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Australian International Education Marketing Report of Decline?

From the AFR on Australian international education marketing, immigration and competition.

Overseas Education Efforts Under Pressure. Australia faces a battle on several fronts to return its overseas education market to health. Much will depend on whether students in Asia and Indian sub-continental countries have confidence that an Australian education can be a stepping stone to gaining permanent residency.

Education enrolment data shows the number of students from overseas to undertake Vocational Education and Training (VET) courses, such as in hospitality and hairdressing, fell by 77 per cent between 2009-09 and 2011-12. In the same period, the number of overseas-sourced higher education and university students fell nearly 40 per cent.

Demographer Bob Birrell, director of Monash University’s Centre for Population and Urban Research, says the stock of students on overseas student visas was just over 300,000 in December 2010. But numbers had fallen to 242,200 by December 2012. Birrell says this figure masks the full extent of the offshore student market decline, which followed a tightening of Australia’s permanent residency rules in 2009, because many VET overseas students subsequently obtained onshore visas to switch from TAFE courses into higher education.

“The key change that has had a devastating impact on the overseas student market has been to remove those who complete vocational courses from access to permanent residency by the skills visa sub-classes,” he says. “It has caused a dramatic decline in the number of visas issued offshore for the VET sector.”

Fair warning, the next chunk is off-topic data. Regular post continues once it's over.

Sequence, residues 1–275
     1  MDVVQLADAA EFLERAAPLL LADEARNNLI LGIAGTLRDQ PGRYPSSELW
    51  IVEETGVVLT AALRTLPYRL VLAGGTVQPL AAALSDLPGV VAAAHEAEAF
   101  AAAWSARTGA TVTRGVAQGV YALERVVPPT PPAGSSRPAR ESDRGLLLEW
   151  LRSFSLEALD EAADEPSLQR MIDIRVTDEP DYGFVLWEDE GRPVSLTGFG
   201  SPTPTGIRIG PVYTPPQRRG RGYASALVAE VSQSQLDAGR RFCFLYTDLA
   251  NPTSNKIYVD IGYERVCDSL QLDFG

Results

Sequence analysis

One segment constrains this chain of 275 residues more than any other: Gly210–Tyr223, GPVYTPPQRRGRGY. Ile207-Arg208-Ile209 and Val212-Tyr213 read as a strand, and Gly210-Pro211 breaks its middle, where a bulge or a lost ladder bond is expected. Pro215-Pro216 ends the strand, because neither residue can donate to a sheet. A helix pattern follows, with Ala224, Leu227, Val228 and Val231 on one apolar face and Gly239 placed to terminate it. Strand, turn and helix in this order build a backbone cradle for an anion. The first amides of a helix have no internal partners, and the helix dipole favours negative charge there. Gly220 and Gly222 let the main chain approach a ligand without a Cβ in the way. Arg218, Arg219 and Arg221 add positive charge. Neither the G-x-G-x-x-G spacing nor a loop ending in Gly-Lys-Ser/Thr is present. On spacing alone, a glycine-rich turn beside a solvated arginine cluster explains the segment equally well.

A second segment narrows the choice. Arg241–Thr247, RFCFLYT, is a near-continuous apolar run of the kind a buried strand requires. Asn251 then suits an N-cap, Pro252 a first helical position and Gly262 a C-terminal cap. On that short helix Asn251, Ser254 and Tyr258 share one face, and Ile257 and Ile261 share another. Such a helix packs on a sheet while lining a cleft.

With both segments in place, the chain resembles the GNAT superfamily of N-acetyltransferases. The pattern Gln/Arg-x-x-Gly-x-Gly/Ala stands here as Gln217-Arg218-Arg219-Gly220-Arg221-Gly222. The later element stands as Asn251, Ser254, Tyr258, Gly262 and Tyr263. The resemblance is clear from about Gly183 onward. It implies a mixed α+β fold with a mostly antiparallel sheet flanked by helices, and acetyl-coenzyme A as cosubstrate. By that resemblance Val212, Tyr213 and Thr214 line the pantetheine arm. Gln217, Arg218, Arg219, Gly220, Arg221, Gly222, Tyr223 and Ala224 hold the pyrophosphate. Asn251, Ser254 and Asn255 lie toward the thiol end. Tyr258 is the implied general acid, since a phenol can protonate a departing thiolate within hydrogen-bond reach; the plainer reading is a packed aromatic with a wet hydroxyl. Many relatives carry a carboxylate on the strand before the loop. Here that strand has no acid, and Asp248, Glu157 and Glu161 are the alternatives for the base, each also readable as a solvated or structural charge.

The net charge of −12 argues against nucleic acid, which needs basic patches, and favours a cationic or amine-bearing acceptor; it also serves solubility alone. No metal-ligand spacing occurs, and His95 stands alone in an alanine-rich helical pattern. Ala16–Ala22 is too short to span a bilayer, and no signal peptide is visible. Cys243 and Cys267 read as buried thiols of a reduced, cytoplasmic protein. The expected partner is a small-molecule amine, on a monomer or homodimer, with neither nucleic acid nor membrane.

Continues on regarding exchange rate, marketing and communications, and competition.’

Firstly, asking Bob Birrell to comment on anything “foreign” would be like asking AFL Australian Football League’s head Demetriou to comment on football or soccer…… the answer will not be positive, and possibly confusing….  Birrell’s background should preclude him having any input into international education, immigration, population growth and related matters, why?

More concerning is how mainstream media. both left and right, accept Birrell’s “research” and “commentary” at face value.  Hardly surprising to find Birrell cited often by commercial ‘red top’ tabloid current affairs television, Andrew Bolt and John Masanauskas at the Herald Sun, but alarming that media supposedly of the centre also quote Birrell verbatim.  This includes above from AFR, and also at Fairfax, Tim Colebatch of the Melbourne Age, Jon Faine at ABC radio and von Onselen at Macrobusiness who become unwitting propagators of social myths and stereotypes about immigrants (using inflated headline NOM figure) and deeming temporary residents such as students to be ‘immigrants’.

Marketing and communications of Australian international education is less than optimal, and the low profile is true, with much success being built round the original Colombo Plan (influencing the middle classes of Asia some generations ago).  However, what the writer fails to grasp in marketing of international education, is leveraging digital marketing, along with e.g. faculty relationships, research and training ventures, speaking more with on campus students etc..  

If senior marketing personnel in the industry do not understand digital marketing and/or prefer conventional distribution of marketing materials at one off education events, then things are not going to change very much.

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